Complementing Morita's unusual focus on brand identity were the talents of his co-founder, Masaru Ibuka, the engineering and product-design force behind Sony's inventions. The combination worked well. The two sought to provide the best available technology and quality to the consumer. One of Sony's first products was a transistor radio, produced in 1955. While the transistor was developed by Bell Labs and produced by Western Electric, it was Sony that first used it for a small pocket radio, in 1957, creating a new market in the bargain.

The radio's success led to more firsts in transistorized products, such as an 8-in. television and a videotape recorder. Sony's technological achievements in product design, production and marketing helped change the image of MADE IN JAPAN from a notion of cheap imitations to one associated with superior quality. In Morita's own words, they made Sony the Cadillac of electronics.

The creation of the name Sony highlights Morita's intuition and determination to communicate globally. He wanted a name recognizable everywhere: creative, Roman letters, short and catchy. Morita and Ibuka pored over dictionaries and found the word sonus, which in Latin means sound. In addition, the word sonny was part of the pop vernacular in America at the time, and they thought it suggested a company made up of young people with abundant energy. The combination of the two formed Sony.

Sony's globalization began in the U.S., where Morita moved his entire family in 1963. In that way he would understand Americans, their market, customs and regulations, thereby increasing the chance of his company's success. It was a brilliant decision. Not many businessmen in those days possessed such a passionate and determined business vision. In the U.S., Morita settled into a large Fifth Avenue apartment in Manhattan. He built a solid and valuable network by continually socializing and giving parties during the week, a habit he maintained throughout his career.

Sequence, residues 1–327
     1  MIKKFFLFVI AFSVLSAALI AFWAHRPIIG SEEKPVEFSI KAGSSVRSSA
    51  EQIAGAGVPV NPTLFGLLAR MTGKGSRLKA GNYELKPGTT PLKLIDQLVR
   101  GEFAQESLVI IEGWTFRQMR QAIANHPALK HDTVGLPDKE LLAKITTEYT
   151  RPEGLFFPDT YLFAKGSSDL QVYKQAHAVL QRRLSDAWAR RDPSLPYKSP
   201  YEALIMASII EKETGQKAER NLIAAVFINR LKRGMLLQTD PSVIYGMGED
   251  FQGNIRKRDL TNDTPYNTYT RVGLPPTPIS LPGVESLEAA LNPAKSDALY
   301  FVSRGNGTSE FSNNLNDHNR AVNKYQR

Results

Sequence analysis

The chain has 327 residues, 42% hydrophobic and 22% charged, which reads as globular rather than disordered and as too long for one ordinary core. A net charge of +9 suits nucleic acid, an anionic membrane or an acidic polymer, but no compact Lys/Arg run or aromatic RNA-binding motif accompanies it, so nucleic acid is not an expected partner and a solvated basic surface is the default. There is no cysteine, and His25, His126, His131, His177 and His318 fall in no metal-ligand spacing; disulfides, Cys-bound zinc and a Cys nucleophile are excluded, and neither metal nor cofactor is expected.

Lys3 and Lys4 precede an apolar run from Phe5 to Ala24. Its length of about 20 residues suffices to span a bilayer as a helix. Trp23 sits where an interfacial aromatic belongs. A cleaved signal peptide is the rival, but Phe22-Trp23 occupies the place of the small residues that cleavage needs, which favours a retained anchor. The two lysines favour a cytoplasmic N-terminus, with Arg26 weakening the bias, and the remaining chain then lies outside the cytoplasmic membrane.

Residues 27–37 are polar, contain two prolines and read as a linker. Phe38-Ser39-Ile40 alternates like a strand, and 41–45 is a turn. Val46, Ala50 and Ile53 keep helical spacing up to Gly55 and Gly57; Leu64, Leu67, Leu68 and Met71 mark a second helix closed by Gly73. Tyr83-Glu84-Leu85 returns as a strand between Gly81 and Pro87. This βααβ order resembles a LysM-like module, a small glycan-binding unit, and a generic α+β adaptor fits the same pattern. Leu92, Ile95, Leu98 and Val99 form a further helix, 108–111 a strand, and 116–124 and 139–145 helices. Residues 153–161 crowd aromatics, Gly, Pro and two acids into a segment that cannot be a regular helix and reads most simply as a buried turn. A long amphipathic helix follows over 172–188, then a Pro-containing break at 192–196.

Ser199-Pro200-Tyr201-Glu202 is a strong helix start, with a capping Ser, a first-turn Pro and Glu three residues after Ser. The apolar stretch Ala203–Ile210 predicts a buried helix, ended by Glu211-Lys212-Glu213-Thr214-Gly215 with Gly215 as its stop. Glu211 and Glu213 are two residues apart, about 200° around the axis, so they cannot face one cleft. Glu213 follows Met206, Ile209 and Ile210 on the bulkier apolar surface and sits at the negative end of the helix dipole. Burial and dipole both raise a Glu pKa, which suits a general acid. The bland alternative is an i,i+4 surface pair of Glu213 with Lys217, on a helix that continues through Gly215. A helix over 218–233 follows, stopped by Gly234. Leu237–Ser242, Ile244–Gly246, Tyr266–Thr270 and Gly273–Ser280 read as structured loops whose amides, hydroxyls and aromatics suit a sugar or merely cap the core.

Morita was a workaholic, but he was also a playaholic. He followed art and music, and was a sports fanatic. In his 60s he took up wind surfing and scuba diving and started skiing to ensure good exercise through the winter. He loved to water-ski and even crafted a water-resistant microphone on a handle, connected by a wire on the ski rope to a speaker on the boat so he could relay instructions to his wife Yoshiko. He was so proud of this invention. To simply have a good time, he would invent and perfect such a product.